The third season of the Netflix original animated series “Castlevania” is now available on the streaming platform. Based on the 1989 classic video game “Castlevania III: Dracula’s Curse,” the show is a mature, fantasy horror that follows the adventures of the monster hunter Trevor Belmont and his partner Sypha Belnades, a magician. Other characters include Alucard, son of Dracula, as well as Hector and Isaac, the Devil Forgemasters. “Castlevania” explores many dark, adult themes, such as religion, bondage, betrayal and humanity.

The second season left the audience wondering — what is the next great threat to humanity? Dracula is dead, Isaac was thrown to Africa, Hector was enslaved by Carmilla, Alucard was left to live in the castle guarding the Belmont Hold and Trevor and Sypha began traveling together. The only loose ends were the fates of Hector and Isaac. 

The season begins with Alucard’s daily routine of gathering ingredients from the forest and cooking dinner. 

Alucard’s loneliness comes to a head during his time guarding the secrets of Dracula’s castle and the Belmont Hold. He is eating dinner alone at a long table and begins talking to ragdolls made to look like his adventuring friends, Trevor and Sypha. When the audience sees those two again, their opening scene is a gruesome slaughter of night creatures that tried to ambush their wagon. The action sequences in “Castlevania” have always been gory, colorful and full of explosions — this fight was no different. However, this is the only significant fight that occurs until the end of the season.

After betraying Dracula, Hector is once again being used for his magic, but now in servitude to the vampire Carmilla, ruler of Striga. Isaac’s quest is to continue Dracula’s mission: grow the army of the night and kill Hector for his betrayal.

This season, both Hector and Isaac’s characters experience growth through intimate discussion and self-questioning of their ideologies. Isaac discusses the philosophy behind faith and hate — with strong anti-Christianity themes weaved throughout the series. Hector’s hate for humanity and vampires slowly changes as he is treated humanely in his imprisonment, realizing his betrayal of Dracula is justified. However, these philosophical scenes are not usually worth the screen time because they have no effect on character development.

Trevor and Sypha’s adventures in the village of Lindenfield play out similarly to the plotline of “Stranger Things,'' as there is something going bump at night, the authorities don’t know what it is and the gang has to solve the mystery. However, instead of a government conspiracy, the bad guys are devil-worshipping Christian monks. The tricky and scheming scholar Saint Germain and The Judge add an air of mystery to the plot that keeps you questioning whether they are friend or foe.

What about Alucard? Two monster hunters from Japan show up, looking for his aid in learning to slay vampires and save their people. That’s basically it for Alucard for most of the season. Alucard’s character seems extremely unimportant the entire season, until the last episode, where the unexpected plot twist spirals him in the polar opposite direction of what his character has been.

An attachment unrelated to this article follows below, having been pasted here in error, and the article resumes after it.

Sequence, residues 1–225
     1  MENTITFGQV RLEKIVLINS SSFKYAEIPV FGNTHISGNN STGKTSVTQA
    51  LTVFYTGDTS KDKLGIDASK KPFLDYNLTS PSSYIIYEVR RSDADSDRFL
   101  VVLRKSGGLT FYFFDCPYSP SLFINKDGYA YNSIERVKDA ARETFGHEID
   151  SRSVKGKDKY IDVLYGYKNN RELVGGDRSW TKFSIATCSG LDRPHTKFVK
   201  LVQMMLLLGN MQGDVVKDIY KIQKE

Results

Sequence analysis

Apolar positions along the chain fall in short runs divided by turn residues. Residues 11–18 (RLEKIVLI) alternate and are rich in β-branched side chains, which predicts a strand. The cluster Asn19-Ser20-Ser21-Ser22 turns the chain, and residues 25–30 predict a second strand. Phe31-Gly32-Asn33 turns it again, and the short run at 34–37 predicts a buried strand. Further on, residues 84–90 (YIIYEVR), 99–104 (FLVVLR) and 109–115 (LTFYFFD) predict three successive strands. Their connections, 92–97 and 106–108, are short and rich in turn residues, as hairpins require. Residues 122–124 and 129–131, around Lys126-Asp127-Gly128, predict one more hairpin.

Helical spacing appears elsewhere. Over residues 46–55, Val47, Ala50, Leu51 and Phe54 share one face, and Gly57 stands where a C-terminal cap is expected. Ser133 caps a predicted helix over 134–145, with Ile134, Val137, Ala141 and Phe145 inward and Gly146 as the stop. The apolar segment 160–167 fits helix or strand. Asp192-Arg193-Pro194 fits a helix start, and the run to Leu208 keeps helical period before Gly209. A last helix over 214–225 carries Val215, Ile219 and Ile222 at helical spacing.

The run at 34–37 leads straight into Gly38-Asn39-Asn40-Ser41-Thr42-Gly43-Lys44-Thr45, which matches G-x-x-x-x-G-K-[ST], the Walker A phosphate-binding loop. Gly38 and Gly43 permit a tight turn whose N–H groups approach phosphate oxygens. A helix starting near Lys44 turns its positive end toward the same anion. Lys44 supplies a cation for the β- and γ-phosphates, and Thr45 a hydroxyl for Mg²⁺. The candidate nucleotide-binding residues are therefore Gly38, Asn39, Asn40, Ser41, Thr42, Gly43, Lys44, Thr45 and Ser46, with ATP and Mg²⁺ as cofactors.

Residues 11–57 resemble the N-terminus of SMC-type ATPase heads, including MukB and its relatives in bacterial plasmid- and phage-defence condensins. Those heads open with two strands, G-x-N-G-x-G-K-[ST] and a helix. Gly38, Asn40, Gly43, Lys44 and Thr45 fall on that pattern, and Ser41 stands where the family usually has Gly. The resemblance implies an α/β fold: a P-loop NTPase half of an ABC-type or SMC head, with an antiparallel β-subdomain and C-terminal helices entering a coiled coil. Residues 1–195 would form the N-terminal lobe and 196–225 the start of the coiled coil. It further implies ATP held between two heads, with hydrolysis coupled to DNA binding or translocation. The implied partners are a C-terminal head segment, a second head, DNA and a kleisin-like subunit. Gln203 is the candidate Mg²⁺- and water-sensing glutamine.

The four completely separate storylines are complex, full of dialogue and hard to follow — basically any season of “Game of Thrones.” Isaac’s story is extremely uninteresting as he continues to whine about the cruelty of humans for the third season in a row. Almost all of season three is a slow crawl of exposition — until episode nine. Every little moment had been building to an insanely climactic payoff.

From this point on, beware spoilers to the final two episodes.

The ninth episode comes completely out of left field. The animation for the fight scenes is remarkably rough yet precise, representing the chaos full of explosions, dead bodies being flung everywhere, and swords making clean slices. At the same time as the two fight scenes, there are also two extremely intimate and detailed sex scenes that even showed nudity, something previously not depicted on the show. It was astounding how well the show immersed the viewer in four completely different settings at once. Even switching from fight to sex to fight, not a second felt missed.

The final moments of the last episode come full circle and repeat the opening of episode one  — except with a dark twist. Hector is now enslaved, continuing his ongoing theme of bondage and abuse at the hands of those he trusts. Trevor and Sypha leave the town full of hate and frustration. The last scene shows Alucard returning from the forest with his basket of food and a look of hate in his eyes. He ends the season appearing just like Dracula at the opening of the first season, with his first human kills impaled gruesomely in front of the castle. There is an overall air of hopelessness and loss that leaves one wanting more as the screen cuts to credits.